The announcement comes directly from Marc Zuckerberg, the boss of Facebook: the company’s parent company is changing its name to Meta.

The aim behind this is to make the name more representative of all current and future activities of the group.

The names of the various social networks remain unchanged.

A company that changes its name is not surprising. It’s even common in the digital world. But when it’s the technology giant Facebook that does it, it’s a game changer.

Indeed, this Thursday, the boss of the Californian group, announced that the parent company of Facebook, WhatsApp, Instagram, Messenger and Oculus was changing its name, to become “Meta”. “Our brand was too tied to one of our services and didn’t reflect everything we do,” explained the group’s CEO, Marc Zuckerberg.

The new name Meta has its origin in an ancient language. Indeed, Meta means beyond in ancient Greek, which implies that there is always more to build.

The new name also refers to the metaverse. For Marc Zuckerberg, the metaverse is “the future of the Internet”, after computers and mobile phones, to which the public will have access to interact, work or be entertained via technologies (augmented reality glasses, virtual reality headsets, etc.).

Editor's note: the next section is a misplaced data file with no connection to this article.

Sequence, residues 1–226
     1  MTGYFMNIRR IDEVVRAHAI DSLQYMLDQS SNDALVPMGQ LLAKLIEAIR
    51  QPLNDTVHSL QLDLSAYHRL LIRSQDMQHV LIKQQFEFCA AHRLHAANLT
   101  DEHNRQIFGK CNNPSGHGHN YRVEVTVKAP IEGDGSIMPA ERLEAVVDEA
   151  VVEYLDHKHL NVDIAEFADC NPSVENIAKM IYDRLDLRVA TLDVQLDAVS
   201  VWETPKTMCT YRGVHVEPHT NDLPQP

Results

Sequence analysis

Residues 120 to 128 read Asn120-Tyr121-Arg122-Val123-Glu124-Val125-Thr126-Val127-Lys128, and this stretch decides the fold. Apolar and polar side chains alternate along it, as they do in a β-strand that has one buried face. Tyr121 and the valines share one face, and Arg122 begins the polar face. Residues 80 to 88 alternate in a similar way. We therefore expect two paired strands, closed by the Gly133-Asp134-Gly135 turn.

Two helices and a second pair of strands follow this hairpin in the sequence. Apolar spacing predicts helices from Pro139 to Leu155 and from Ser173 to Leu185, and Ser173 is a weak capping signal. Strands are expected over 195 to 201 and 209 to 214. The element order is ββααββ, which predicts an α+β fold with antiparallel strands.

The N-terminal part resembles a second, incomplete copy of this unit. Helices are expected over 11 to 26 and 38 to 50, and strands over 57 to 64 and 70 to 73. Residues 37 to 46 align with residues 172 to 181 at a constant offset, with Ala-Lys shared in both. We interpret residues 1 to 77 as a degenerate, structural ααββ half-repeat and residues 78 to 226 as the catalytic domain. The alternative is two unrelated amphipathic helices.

This name change does not change the company’s structure. And the boss says that the different social networks will keep their different names.

For the company’s detractors, this change of name would come to silence the rumours and hide the controversies. A good communication move in short. Indeed, this announcement comes in the middle of the “Facebook Files” affair, massive document revelations on how the American company ignored internal reports and warnings on the damage created by the social network around the world, especially on teenagers.

That said, in his presentation, Mark Zuckerberg said very little about his company’s worries, and only in an abstract or positive way. “The last few years have taught me many lessons in humility,” he said.

“I’ve come to the conclusion that lack of choice and high prices stifle innovation, prevent people from building new things and hold back the entire digital economy,” he continued, referring to his rivalry with neighbour Apple and its ecosystem built around the iPhone.